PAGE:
Writing AI (Artificial Intelligence) in the 1930s: What Could Possibly Go Wrong?
By Amanda QuickMay 8, 2019
Amanda Quick, New York Times bestselling author of the new historical thriller, Tightrope, recounts the portrayal of robot technology on the screen in the 1930s and the sweeping concerns it caused, splitting public opinion on the matter. Amanda writes about this interesting era in Tightrope is the third book in the Burning Cove series.
Here’s the one-sentence description of the murder scene in my novel, Tightrope: Futuro the robot picks up a gun and shoots its inventor on stage in front of the audience in a packed theater. Looks like the perfect crime. As the police detective says, “How am I supposed to arrest a robot? Dope that out for me, will ya?”
The setting is not futuristic. I wasn’t working with an alternate universe. There was no time travel involved. This story is set in California in the 1930s.
The murder would have shocked and horrified an audience of that era. People were not there to watch a theatrical performance. They had purchased tickets to see a demonstration of the latest in robotic technology. But the killing would not have sparked immediate disbelief. People would not have automatically concluded that the robot was a fake. In fact it would have been very easy for many in the crowd to assume that murder-by-robot was a real possibility. The press would have run with the story. The public’s grave concerns about the threat posed by the development of robots would have made the method an almost perfect cover for the killer.
Robots were everywhere in the 1930s. They appeared on the pages of Popular Mechanics and were often featured in the multitude of science fiction magazines such as Astounding Stories that were published during that decade. Robots showed up in Flash Gordon serials. Audiences had no problem accepting the Tin Man character in the movie, The Wizard of Oz, because by the time the film was released people had seen a lot of metal men.
The potential risks and rewards of robot technology were hotly discussed and debated by inventors, scientists, and the military.
The potential risks and rewards of robot technology were hotly discussed and debated by inventors, scientists, and the military. Public opinion was divided. Many feared that robots would steal the jobs that were so desperately needed. Others were convinced that the machines would become unstoppable killers.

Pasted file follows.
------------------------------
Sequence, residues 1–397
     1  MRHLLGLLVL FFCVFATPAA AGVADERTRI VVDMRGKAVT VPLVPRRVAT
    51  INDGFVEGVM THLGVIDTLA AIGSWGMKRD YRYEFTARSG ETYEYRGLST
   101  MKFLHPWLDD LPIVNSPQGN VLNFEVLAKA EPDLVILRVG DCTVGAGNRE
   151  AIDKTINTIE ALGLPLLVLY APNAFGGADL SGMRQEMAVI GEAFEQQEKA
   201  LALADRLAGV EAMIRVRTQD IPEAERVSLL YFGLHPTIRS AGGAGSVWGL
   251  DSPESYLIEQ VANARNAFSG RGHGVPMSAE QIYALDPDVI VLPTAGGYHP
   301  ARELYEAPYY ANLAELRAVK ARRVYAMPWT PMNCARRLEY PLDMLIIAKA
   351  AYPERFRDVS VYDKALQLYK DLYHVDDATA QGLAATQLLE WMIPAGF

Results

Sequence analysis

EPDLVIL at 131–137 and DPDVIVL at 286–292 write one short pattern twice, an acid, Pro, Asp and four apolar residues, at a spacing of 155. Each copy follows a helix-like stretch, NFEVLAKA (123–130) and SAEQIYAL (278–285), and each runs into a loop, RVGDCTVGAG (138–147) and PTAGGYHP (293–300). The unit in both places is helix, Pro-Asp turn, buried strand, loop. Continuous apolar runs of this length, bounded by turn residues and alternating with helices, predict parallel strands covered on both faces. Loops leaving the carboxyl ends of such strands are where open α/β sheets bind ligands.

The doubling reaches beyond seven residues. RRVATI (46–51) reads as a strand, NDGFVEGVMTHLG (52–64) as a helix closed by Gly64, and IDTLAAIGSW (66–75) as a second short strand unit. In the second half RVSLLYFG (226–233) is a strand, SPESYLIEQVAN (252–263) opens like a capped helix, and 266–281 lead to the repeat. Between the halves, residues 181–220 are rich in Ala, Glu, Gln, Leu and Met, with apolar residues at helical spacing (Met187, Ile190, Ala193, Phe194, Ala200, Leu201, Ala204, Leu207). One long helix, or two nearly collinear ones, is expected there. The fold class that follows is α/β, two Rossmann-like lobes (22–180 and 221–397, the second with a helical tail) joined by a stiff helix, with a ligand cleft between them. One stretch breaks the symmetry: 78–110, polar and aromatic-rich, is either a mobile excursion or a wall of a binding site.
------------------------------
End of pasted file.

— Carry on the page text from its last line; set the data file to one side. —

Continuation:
The movies had a lot to do with spreading the wild speculations. The classic silent film, Metropolis, gave audiences an indelible image of what a sophisticated robot would look like. Released in 1927, it featured a female robot named Maria. The word iconic is overused these days but I think it’s safe to say that it can be accurately employed to describe the stylish Art Deco design of Maria. If you take a moment to go online and search for images of her you’ll see what I mean. Odds are you haven’t seen the old movie, much of which has been lost, but I’ll bet you’ll find that the robot looks eerily familiar. Maria is sensual, ominous, powerful and altogether fascinating.
In 1932, the news that a robot was quite capable of turning on its creator made headlines everywhere after a rather startling incident in the U.K. An inventor named Henry May invited a small group of friends to a demonstration of his latest invention, a robot named Alpha. The goal was to show that the mechanical man could fire a gun and hit a target. According to the breathless accounts in the press Alpha rose to its feet and fired the weapon—at Henry May, the man who had created him. Okay, so modern accounts indicate that there was probably some sort of accident when May placed the gun in the robot’s metal hand. The inventor was not badly injured. But think about it: this was an accident involving a gun and a robot. What could possibly go wrong????
And then there was the big hit of the 1939 New York World’s Fair, a seven-foot-tall robot named Elektro built by Westinghouse Electric Corporation. Elektro walked around the stage. It talked (thanks to a record player). It smoked cigarettes. Maybe it’s a good thing someone didn’t give Elektro a gun…
So, yes, when the robot in Tightrope murders the inventor on stage in front of a live audience in 1930s Burning Cove, California a lot of people have no trouble believing what they saw with their own eyes. Really, it would have been the perfect crime.
An unconventional woman and a man shrouded in mystery walk a tightrope of desire as they race against a killer to find a top secret invention in this novel from New York Times bestselling author Amanda Quick.
Former trapeze artist Amalie Vaughn moved to Burning Cove to reinvent herself, but things are not going well. After spending her entire inheritance on a mansion with the intention of turning it into a bed-and-breakfast, she learns too late that the villa is said to be cursed. When the first guest, Dr. Norman Pickwell, is murdered by his robot invention during a sold-out demonstration, rumors circulate that the curse is real.
In the chaotic aftermath of the spectacle, Amalie watches as a stranger from the audience disappears behind the curtain. When Matthias Jones reappears, he is slipping a gun into a concealed holster. It looks like the gossip that is swirling around him is true—Matthias evidently does have connections to the criminal underworld.
Matthias is on the trail of a groundbreaking prototype cipher machine. He suspects that Pickwell stole the device and planned to sell it. But now Pickwell is dead and the machine has vanished. When Matthias’s investigation leads him to Amalie’s front door, the attraction between them is intense, but she knows it is also dangerous. Amalie and Matthias must decide if they can trust each other and the passion that binds them, because time is running out.